By Frank Vernuccio
Originally posted in the New York Analysis of Policy & Government newsletter
The Department of Defense has just released its new National Defense Strategy. In essence, it formally announces that the cold war is back in full swing, with a disturbing difference: this time, U.S. enemies extend far beyond just Moscow. To add to the bleak portrayal, the nation’s adversaries have dramatically lessened the U.S. technological advantage.In a significant turnaround from recent years, it states that traditional great-power rivalry, rather than terrorism, is the major threat. According to the document:
The central challenge to U.S. prosperity and security is the reemergence of long-term, strategic competition by what the National Security Strategy classifies as revisionist powers. It is increasingly clear that China and Russia want to shape a world consistent with their authoritarian model—gaining veto authority over other nations’ economic, diplomatic, and security decisions.
It provides explicit examples:
China (which has increased its military spending at a percentage pace greater than either the U.S. or the U.S.S.R at the height of the Cold War) has both utilized predatory economics to intimidate its neighbors, and militarized the South China Sea.
Russia has engaged in a dramatic nuclear and conventional arms build-up, at a time when the U.S. cut back on its own defense spending. It has violated the borders of nearby nations. The report notes that Moscow pursues “veto power over the economic, diplomatic, and security decisions of its neighbors.”
Moscow and Beijing are not alone in the unwelcome new environment. The report breaks no new ground in its description of both Iran and North Korea as virulently aggressive powers seeking or having already obtained powerful new weapons that could directly impact the American homeland and Washington’s allies abroad.In an interesting analysis, the document describes how the global structure that has existed in one form or another since the end of the Second World War is eroding, noting that:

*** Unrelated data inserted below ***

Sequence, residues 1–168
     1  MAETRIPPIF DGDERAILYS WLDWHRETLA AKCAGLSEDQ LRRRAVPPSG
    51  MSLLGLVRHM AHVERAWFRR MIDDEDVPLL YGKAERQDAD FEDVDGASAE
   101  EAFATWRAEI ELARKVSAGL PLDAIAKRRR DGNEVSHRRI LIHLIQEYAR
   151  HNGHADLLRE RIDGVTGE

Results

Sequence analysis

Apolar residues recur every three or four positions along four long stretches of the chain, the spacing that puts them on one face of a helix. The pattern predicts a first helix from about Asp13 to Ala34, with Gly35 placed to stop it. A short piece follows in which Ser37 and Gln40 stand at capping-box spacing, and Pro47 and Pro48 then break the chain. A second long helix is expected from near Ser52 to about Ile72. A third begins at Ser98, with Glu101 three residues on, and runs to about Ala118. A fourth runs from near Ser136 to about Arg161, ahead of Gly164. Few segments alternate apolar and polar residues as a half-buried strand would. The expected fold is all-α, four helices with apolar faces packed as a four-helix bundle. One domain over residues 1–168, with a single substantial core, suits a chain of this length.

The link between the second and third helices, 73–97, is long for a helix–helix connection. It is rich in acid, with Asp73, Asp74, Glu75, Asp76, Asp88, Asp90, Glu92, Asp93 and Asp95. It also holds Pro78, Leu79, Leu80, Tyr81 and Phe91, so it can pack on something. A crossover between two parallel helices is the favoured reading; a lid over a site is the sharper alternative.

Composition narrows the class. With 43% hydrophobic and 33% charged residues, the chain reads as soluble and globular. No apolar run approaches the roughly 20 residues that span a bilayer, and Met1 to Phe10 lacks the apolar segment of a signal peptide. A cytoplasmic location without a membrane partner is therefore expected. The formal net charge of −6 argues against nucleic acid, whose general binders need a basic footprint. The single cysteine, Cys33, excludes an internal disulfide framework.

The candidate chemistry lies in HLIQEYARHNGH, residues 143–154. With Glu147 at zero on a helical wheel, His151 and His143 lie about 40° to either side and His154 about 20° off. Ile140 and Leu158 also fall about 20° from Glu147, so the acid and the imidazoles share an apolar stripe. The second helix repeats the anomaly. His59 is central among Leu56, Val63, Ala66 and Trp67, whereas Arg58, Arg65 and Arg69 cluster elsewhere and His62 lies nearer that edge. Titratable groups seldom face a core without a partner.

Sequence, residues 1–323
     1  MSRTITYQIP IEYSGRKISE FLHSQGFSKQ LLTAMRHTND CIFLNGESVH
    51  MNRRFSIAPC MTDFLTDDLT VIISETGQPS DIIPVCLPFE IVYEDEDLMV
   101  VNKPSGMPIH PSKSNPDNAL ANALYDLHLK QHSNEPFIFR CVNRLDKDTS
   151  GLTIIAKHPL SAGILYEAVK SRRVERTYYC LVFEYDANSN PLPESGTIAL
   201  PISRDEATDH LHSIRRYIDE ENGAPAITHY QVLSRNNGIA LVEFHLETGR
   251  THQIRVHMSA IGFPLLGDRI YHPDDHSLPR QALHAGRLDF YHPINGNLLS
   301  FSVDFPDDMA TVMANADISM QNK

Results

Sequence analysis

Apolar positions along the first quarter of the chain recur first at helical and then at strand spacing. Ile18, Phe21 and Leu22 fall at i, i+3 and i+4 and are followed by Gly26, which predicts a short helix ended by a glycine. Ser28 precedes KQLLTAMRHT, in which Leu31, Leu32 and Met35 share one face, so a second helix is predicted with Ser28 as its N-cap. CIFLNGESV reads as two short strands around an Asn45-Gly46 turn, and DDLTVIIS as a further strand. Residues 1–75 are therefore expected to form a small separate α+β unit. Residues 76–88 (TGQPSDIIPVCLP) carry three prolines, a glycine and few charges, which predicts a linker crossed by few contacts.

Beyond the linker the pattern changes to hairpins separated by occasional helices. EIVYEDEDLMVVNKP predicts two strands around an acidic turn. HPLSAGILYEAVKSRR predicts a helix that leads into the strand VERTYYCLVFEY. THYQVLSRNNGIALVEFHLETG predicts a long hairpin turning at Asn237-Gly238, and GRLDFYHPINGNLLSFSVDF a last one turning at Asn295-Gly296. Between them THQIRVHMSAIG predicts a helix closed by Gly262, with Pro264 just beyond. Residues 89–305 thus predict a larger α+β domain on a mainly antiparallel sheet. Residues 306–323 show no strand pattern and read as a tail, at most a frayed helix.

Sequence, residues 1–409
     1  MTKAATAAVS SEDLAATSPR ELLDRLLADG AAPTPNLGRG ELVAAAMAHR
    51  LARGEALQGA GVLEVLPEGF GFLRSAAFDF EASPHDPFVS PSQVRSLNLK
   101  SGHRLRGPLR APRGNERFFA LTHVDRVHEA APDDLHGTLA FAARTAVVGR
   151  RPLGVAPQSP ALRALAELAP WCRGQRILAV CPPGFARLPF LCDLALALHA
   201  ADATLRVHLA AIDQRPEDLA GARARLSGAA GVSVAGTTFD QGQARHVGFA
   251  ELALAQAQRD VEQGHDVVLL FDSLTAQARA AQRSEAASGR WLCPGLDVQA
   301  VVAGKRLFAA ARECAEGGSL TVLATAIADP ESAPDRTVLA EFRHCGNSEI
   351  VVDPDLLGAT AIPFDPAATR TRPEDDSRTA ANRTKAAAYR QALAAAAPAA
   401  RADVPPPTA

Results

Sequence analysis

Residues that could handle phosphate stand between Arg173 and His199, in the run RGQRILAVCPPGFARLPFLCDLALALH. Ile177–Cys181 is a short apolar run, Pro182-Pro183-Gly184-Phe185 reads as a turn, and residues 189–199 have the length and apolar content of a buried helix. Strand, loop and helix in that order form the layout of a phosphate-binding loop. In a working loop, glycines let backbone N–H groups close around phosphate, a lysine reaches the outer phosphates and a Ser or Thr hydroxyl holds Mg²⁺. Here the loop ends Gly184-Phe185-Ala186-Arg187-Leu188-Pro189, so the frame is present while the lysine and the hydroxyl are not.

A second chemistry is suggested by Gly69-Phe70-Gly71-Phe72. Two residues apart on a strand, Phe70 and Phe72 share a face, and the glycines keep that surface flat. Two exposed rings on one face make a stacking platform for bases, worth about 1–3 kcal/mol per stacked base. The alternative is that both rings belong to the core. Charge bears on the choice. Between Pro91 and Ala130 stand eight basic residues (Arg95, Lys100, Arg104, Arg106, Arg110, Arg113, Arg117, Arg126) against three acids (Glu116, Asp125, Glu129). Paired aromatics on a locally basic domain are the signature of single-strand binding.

In the decades after fascism’s defeat in World War II, the United States and its allies and partners constructed a free and open international order to better safeguard their liberty and people from aggression and coercion. … China and Russia are now undermining the international order from within the system by exploiting its benefits while simultaneously undercutting its principles and ‘rules of the road.’
The Pentagon document also pulls no punches in its analysis of how America’s military has eroded in recent years, stating:
Today, we are emerging from a period of strategic atrophy, aware that our competitive military advantage has been eroding … This increasingly complex security environment is defined by rapid technological change, challenges from adversaries in every operating domain, and the impact on current readiness from the longest continuous stretch of armed conflict in our Nation’s history … America’s military has no preordained right to victory on the battlefield.
Since the end of WWII, America has fought in a number of conflicts throughout the planet. However, even while suffering grievous losses in terrorist attacks, the overall security of the U.S. mainland was never seriously in question. The Report believes that is rapidly changing.
It is now undeniable that the homeland is no longer a sanctuary. America is a target … During conflict, attacks against our critical defense, government, and economic infrastructure must be anticipated. Rogue regimes, such as North Korea, continue to seek out or develop weapons of mass destruction (WMD)—nuclear, chemical, and biological—as well as long range missile capabilities and, in some cases, proliferate these capabilities to malign actors as demonstrated by Iranian ballistic missile exports. Terrorists likewise continue to pursue WMD, while the spread of nuclear weapon technology and advanced manufacturing technology remains a persistent problem. Recent advances in bioengineering raise another concern, increasing the potential, variety, and ease of access to biological weapons.